Such proposed legislation has been introduced and championed by the progressive wing of the Democratic party but currently has little chance of passing due to opposition from the GOP-controlled Senate and more moderate Democrats.
Medicare for All has proven to be a delicate issue nationally as advocates grapple with concerns that a new government-run system won’t provide the same quality of coverage as private insurance — and would be prohibitively expensive. It has been estimated to cost $40 trillion.
Janusz, however, questioned whether Medicare for All would cost that much, citing a Lancet study from Yale that determined hospitals would save $59 billion in the U.S. To her, the savings would come because each hospital would receive funds based on their previous year’s outlay of money, meaning there would no longer by reimbursement for services. The budget would be review quarterly. If circumstances changed, more funding would be allocated. She added everyone would have a payment source and there would be “greatly reduced overhead” costs due to a streamlining of administration.
“Medicare for All will provide improved quality,” Janusz said. “This is government funded and privately delivered.”
She added the current reimbursement system would not exist under universal health care. Instead, each hospital would have a budget based on need.
“There is a new approach with the bill to stabilize the system and contain costs,” Janusz said.
According to the American Hospital Association — an organization that includes 5,000 member hospitals, health systems and other health care organizations — the plan “would upend a system that is working for the vast majority of Americans, and throw into chaos one of the largest sectors of the U.S. economy,” due to the historically low reimbursement rate Medicare offers. According to the AHA, a recent study found that a government-run, Medicare-like health plan on the individual exchange could cut nearly $800 billion to hospitals.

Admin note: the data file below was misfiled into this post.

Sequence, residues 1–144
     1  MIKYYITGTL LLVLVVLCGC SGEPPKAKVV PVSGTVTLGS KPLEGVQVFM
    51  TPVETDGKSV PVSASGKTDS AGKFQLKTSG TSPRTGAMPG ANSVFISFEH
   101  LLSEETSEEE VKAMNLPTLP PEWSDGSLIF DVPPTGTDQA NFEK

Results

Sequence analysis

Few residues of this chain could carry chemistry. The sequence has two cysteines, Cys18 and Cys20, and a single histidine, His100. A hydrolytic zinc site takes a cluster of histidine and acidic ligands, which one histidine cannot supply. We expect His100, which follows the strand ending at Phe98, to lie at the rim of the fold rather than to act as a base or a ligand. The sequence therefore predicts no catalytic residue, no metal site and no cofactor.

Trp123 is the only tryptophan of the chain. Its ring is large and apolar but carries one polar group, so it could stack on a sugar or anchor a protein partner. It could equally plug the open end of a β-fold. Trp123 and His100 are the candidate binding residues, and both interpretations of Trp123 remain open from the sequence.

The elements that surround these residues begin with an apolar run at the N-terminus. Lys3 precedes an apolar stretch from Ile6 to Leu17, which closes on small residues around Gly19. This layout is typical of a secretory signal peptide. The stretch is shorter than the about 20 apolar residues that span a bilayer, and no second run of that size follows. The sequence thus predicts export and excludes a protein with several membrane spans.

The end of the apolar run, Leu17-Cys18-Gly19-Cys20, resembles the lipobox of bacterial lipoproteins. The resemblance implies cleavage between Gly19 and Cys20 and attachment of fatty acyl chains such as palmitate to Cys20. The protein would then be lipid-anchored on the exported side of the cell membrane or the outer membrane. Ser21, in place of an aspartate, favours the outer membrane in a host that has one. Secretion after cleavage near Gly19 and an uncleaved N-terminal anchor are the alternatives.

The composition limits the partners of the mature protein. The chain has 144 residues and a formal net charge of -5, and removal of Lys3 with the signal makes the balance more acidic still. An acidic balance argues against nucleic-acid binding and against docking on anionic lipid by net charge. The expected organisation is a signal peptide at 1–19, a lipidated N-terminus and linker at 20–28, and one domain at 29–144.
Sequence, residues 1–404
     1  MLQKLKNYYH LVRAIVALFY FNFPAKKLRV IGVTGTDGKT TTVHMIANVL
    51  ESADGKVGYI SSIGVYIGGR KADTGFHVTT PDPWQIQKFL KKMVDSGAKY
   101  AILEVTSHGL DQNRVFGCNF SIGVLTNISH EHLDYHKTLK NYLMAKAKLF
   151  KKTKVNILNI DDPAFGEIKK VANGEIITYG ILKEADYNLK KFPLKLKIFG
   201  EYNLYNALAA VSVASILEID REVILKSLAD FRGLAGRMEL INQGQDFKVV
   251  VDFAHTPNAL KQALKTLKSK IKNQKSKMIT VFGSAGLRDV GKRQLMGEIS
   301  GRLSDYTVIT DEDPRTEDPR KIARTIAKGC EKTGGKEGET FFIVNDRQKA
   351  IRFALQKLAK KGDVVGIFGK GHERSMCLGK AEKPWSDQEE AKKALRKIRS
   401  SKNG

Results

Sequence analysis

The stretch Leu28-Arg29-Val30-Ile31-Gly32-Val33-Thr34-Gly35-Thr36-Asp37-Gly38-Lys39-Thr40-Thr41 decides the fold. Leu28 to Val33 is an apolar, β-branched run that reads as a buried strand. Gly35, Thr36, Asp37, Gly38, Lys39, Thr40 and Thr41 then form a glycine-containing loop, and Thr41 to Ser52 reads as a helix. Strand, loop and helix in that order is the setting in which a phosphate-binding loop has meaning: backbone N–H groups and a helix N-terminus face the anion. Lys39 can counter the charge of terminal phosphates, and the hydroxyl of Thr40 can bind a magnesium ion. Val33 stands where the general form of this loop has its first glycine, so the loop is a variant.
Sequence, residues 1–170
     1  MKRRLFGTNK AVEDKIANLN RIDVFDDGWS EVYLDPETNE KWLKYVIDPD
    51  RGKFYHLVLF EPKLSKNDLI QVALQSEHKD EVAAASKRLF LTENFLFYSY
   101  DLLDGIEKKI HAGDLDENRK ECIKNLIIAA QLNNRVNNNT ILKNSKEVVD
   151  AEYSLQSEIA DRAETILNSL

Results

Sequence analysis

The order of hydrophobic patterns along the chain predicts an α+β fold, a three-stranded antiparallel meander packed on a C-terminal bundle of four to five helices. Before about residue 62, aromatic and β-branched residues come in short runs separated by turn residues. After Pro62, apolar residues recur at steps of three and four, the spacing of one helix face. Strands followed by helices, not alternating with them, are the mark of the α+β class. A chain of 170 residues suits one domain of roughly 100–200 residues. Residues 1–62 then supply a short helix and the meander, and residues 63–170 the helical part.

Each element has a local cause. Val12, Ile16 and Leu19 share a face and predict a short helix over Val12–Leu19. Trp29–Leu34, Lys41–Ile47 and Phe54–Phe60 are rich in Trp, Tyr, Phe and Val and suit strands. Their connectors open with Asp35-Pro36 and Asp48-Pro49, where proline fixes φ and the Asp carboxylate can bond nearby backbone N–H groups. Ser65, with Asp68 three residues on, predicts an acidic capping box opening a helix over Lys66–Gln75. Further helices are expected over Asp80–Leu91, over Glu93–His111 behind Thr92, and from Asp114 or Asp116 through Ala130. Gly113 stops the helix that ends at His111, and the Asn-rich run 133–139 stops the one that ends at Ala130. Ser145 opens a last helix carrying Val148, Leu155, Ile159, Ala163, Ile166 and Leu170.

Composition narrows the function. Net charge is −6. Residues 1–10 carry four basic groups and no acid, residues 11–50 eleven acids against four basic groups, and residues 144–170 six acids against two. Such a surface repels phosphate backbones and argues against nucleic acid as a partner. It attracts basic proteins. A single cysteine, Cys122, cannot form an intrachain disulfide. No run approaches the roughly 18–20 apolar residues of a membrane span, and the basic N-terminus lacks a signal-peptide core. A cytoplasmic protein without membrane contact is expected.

Janusz, however, disagreed.
“Our current system is not working for the vast majority of Americans,” she said. “Increased premiums, copays, deductibles and the COVID-19 pandemic shows the employer-based health care insurance model is no longer the answer.”
Instead, the AHA recommended states expand Medicaid in non-expansion states, provide federal subsidies for more lower- and middle-income individuals and families, reinstitute funding for cost-sharing subsidies and reinsurance mechanism and engage in robust enrollment efforts to connect people to health care coverage.
To Medicare for All supporter Steve Janusz, a lot of the pushback for the proposal is from large hospitals that are making substantial profits. To him, those groups see that the employer-based system will be done away with in favor of a flat percentage cost, meaning those large groups won’t make as much of a profit.
Steve said the nation’s health care system has become a money-making entity over the last 40-50 years, resulting in health care organizations forming chains, paying high salaries and being more complex than needed.